Ice Network

Asada sets pace, world record in boffo ladies short

Sublime Kostner close behind in second; Gold leads U.S. trio in fifth
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With redemption on her mind, Mao Asada put on an unforgettable show for the Japanese faithful. The two-time world champion, who finished a disheartening sixth at the Sochi Olympics, broke Yu-Na Kim's world scoring record for the short program, racking up 78.66 points and topping the field. -Getty Images

Nowhere in the world is the enthusiasm for figure skating is as great as it is in Japan -- or "Mao country" -- especially for the ladies and men's events.

Thursday's ladies short program at the world championships in Saitama was a good example. There were six standing ovations for excellent performances, including those of three non-Japanese skaters. The 20 flower girls sometimes took two minutes between skaters to collect the hundreds of flowers and other presents thrown on to the ice. The 18,000 spectators cheered the skaters as if they were pop stars and waved thousands of flags.   

To the delight of the large majority, Japan's brightest star, Mao Asada, delivered an outstanding performance and took the lead with a short program world-record score of 78.66 points.

Asada is the only lady in the world who includes a triple Axel in her programs, and she opened her short to Frédéric Chopin's "Nocturne in E flat major" with an excellent one that earned 10.36 points, including 1.86 grade of execution points (GOEs) from the judges. To contrast, a very good double Axel is not worth more than 4.5 or 4.7 points.

The rest of her program was solid as well, including a triple flip, triple loop-double loop combination, three Level 4 spins and a dynamic step sequence. The program components scores (PCS) averaged 8.9.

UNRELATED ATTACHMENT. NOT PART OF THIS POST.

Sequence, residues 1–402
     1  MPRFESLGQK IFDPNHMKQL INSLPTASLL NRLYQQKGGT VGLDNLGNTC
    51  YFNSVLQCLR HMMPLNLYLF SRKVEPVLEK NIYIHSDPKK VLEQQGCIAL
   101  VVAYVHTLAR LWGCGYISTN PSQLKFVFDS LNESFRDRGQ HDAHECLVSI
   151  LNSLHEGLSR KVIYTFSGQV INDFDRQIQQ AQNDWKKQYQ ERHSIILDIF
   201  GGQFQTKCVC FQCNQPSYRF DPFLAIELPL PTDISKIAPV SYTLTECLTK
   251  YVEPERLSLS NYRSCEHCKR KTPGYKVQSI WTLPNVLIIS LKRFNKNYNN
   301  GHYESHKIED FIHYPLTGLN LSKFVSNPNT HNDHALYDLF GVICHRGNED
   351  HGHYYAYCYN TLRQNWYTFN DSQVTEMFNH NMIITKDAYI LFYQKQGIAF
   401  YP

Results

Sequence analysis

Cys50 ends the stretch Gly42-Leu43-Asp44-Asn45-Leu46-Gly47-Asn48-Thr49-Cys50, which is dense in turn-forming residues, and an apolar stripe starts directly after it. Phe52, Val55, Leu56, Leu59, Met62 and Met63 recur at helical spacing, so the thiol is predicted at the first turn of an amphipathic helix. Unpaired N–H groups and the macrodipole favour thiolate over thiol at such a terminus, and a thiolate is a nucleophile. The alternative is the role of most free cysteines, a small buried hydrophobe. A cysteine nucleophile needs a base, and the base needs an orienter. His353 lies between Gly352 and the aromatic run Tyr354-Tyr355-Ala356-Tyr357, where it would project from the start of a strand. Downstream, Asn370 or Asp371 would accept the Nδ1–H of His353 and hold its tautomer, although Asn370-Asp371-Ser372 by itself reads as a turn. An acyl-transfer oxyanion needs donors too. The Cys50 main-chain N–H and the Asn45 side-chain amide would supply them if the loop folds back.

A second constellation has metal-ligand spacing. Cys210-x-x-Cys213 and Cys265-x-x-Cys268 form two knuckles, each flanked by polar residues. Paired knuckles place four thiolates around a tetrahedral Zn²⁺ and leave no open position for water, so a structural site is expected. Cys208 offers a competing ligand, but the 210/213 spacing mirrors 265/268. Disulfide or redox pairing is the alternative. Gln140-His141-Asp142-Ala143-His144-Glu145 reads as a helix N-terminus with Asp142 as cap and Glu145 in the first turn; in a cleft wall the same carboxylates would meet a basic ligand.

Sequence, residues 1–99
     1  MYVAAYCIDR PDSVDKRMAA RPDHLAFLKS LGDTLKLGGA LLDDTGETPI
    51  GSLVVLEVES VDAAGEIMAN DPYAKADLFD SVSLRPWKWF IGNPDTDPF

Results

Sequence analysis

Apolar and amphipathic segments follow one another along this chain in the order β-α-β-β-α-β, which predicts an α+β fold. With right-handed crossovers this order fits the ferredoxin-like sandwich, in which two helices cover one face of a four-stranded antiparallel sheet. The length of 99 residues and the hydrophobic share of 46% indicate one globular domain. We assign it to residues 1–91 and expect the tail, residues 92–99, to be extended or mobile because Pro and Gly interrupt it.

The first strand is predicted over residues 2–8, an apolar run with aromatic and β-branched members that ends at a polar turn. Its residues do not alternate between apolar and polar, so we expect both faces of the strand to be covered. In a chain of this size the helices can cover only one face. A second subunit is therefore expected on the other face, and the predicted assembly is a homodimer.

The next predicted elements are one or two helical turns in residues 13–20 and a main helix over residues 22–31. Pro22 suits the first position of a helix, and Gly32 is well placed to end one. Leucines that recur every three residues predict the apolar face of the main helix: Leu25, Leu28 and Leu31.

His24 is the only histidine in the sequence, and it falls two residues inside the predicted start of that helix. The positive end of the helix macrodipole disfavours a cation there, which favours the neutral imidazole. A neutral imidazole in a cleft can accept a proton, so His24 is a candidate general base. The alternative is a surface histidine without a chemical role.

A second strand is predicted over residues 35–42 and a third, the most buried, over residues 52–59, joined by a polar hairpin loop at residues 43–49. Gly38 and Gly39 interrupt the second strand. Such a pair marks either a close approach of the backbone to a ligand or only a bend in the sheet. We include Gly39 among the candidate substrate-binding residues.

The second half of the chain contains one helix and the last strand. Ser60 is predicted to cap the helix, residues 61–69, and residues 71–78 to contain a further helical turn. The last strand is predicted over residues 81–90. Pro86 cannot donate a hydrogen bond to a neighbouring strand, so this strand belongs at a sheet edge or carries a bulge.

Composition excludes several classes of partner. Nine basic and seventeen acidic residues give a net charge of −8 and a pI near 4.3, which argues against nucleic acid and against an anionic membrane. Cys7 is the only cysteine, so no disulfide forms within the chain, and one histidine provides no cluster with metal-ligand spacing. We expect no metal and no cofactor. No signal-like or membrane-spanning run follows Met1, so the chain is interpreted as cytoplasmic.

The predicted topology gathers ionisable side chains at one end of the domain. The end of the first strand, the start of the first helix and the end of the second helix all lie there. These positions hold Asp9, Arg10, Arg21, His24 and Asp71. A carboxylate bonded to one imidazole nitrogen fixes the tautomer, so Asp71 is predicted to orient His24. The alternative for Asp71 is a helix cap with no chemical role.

"I think that today's short program was probably one of the best three programs that I skated in my whole career," Asada said. "Before coming to Saitama and ever since the Sochi Games, I was full of regrets about my bad short program there. I said that I will never do that again. When reporters told me today that it was a world record, I was very surprised and very happy of course."

Asada can't be confident about winning because Olympic bronze medalist Carolina Kostner was at her best as well and gained the same huge standing ovation as Asada. Kostner is only 1.4 points off the lead with 77.24 points.

The 27-year-old Italian from the area of Southern Tyrol interpreted Franz Schubert's "Ave Maria" so beautifully, and the program was so well-choreographed, that she got the highest program components of the evening, including three 10's for interpretation (no judge assigned lower than a 9.5 for interpretation). Her PCS averaged 9.4.

These scores are a big compliment for Kostner's longtime Canadian choreographer, Lori Nichol, who went to work with her and other skaters in Kostner's training rink in Oberstdorf, Germany, only last week.

Six of Kostner's seven elements were excellent, especially a combination of triple flip and triple toe loop as well as an outstanding step sequence for which eight of the nine judges awarded her +3 GOEs.

"I feel great; it felt as if it went by so fast today," Kostner said. "I kept on thinking about the Japanese audience. They have been waiting since 2011 to have this world championship here, so for me it almost felt like an honor to go on the ice and skate, and I felt the appreciation of the people.

"When I saw all these little girls collecting the flowers for the skaters before me, it popped into my mind that I was a little girl once," she continued.